It seems like personal finances can take a hit at any time these days, but this is particularly true during a recession. While practices and institutions in place, such as the Federal Reserve, act to help combat recessions, they are still unavoidable at times. These times may leave you thinking, “is it good to take a loan during a recession?”
What Is a Recession?
A recession is a period of time during which there is a decline in economic growth and activity.
The time from which a recession starts to when it ends may last a few months or a few years, depending on the overall financial situation. During a recession, you may see an increase in auto and home prices. This price increase is because automobiles and homes are big-ticket items that people may need to purchase anytime, even during an economic downturn. Other prices that often increase during recessions are the price of food, water, and other daily necessities that every person needs. Unfortunately, recessions can make it easy for people to fall into a financial crisis just trying to pay for everyday living expenses.
Some circumstances that can cause a decline in economic activity and lead to a recession are:
- When the economy experiences a negative gross domestic product (also known as the GDP).
- When there is an increase in unemployment and the number of people without jobs.
- When there is a significant decline in retail sales.
- When there is a major difference between income and manufacturing efforts for an extended period of time.
- Where there is excessive inflation or deflation.
- When the country experiences an economic shock, such as the Covid-19 lockdowns and economic shutdowns.
How Does an Economic Downturn Affect the Lending Industry?
The price increases resulting from a recession can leave consumers looking for ways to get a bit more income. Since it is common for more people to be looking into loans during a recession, lenders must be particular about what applications they accept and to whom they lend money. Unfortunately, this trend can encourage lenders to reject applications for borrowers with a less than perfect credit score.
Your credit score is based on information collected by the major credit bureaus. The major three credit bureaus are TransUnion, Experian, and Equifax. Your credit score, as well as a few other factors, are included in your credit report. Someone’s credit score often plays a big role in what types of loans and financial products they are eligible for. While some lenders may be relaxed on their credit score requirements during an economic upturn, they usually buckle down, and may even increase their eligibility requirements regarding loan approval during a recession.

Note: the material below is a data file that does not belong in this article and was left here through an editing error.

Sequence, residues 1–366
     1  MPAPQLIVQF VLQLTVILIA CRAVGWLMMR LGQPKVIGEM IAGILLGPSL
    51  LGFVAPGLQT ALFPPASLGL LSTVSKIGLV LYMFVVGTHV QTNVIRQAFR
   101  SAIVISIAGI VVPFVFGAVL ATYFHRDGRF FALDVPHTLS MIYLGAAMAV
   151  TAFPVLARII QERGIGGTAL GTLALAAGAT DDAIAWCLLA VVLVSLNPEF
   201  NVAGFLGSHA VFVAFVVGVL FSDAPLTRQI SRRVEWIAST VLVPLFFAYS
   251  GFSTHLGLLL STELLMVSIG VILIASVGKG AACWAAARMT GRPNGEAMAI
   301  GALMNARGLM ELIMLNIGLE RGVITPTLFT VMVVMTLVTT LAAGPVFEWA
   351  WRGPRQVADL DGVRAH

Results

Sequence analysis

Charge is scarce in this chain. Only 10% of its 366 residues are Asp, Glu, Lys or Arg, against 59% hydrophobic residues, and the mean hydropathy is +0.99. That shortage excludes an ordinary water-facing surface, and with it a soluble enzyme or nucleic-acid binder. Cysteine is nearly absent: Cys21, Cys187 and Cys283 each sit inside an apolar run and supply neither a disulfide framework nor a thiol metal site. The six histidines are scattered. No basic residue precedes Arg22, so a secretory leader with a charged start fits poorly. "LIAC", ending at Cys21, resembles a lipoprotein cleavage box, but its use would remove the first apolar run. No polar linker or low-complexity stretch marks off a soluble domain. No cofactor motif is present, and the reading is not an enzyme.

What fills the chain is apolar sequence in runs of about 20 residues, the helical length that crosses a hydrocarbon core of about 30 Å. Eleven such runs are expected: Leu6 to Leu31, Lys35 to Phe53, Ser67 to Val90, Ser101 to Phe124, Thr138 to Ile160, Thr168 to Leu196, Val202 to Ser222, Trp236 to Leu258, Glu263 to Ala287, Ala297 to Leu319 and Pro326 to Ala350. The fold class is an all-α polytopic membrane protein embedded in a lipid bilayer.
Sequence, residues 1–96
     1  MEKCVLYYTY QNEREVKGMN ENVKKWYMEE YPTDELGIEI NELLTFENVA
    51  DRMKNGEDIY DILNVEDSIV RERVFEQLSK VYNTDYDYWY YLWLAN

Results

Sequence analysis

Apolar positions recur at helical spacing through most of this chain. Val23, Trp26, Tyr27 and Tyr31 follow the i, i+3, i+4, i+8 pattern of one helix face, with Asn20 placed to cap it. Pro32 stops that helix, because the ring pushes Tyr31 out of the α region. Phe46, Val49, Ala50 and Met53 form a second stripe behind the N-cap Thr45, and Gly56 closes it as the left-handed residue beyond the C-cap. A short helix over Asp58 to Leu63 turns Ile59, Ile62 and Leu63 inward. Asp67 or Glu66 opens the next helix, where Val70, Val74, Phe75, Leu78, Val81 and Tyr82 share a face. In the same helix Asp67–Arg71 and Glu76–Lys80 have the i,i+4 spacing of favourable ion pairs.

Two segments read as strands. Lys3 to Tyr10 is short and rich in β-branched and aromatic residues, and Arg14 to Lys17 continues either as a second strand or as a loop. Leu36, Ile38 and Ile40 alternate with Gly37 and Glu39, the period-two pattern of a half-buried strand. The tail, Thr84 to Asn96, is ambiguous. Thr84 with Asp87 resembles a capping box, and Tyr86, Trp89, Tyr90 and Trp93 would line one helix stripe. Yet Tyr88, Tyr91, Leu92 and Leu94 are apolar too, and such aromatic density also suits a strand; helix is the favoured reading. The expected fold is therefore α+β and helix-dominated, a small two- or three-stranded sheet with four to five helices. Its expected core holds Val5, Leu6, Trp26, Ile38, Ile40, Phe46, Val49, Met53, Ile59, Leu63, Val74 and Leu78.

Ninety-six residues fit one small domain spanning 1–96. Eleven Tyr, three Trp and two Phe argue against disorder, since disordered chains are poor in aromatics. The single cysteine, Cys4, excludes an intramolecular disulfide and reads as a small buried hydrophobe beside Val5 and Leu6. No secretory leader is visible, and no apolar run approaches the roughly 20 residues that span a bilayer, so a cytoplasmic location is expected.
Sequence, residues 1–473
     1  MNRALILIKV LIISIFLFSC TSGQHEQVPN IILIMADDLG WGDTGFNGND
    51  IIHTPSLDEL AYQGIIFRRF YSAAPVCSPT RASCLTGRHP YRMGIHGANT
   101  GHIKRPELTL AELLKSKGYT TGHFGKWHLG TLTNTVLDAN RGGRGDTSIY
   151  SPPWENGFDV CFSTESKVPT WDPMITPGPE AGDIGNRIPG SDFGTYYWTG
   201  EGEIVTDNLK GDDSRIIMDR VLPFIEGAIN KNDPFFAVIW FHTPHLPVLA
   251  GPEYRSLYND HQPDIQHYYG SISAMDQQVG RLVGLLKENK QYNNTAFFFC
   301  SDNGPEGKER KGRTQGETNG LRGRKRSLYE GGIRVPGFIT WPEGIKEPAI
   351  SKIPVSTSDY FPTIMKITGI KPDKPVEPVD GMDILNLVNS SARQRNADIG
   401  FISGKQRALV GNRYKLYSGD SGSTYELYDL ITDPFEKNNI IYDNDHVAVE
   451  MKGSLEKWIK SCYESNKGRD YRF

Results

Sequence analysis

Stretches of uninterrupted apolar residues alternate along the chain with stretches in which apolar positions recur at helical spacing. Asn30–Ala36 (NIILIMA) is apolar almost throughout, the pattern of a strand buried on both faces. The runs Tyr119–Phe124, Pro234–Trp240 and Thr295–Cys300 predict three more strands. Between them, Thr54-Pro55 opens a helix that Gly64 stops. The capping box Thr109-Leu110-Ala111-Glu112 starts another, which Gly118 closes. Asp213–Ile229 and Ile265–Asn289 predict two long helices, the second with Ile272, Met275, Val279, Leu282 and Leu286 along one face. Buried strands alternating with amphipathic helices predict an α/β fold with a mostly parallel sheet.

How Do Recessions Affect Interest Rates?
Lending money is more of a financial risk during a recession, often leading to lenders boosting interest rates for loans and other financial products. For example, recessions may cause a drastic increase in mortgage rates, making buying homes and affording mortgages much more difficult for the average person.
Where Can You Borrow Money During a Recession?
Instead of asking a close friend or family member for money, you may want to look for extra funding elsewhere. Below are a few places where you may be able to find a loan during a recession:
Banks are a type of traditional financial institution that offers loans as well as other financial products. While most people go to a bank for checking and savings accounts, people can also utilize banks for personal loans, mortgages, auto loans, and more. However, keep in mind that having a bank account does not guarantee approval on loans or other financial services with that particular bank.
When banks set interest rates on loans, they will rely heavily on the borrower’s credit score.
Unless your credit report is ideal, you may not be able to get the best interest rates on a bank loan during a recession.
Those without good credit may be able to find a lower interest rate with a loan from a credit union. Retail banks differ from credit unions in that banks are ultimately looking to gain a profit while credit unions are ultimately non-profit. Since borrowers are the people who own credit unions, they are typically more interested in providing special borrower perks and rewards, like optimal interest rates, instead of making money.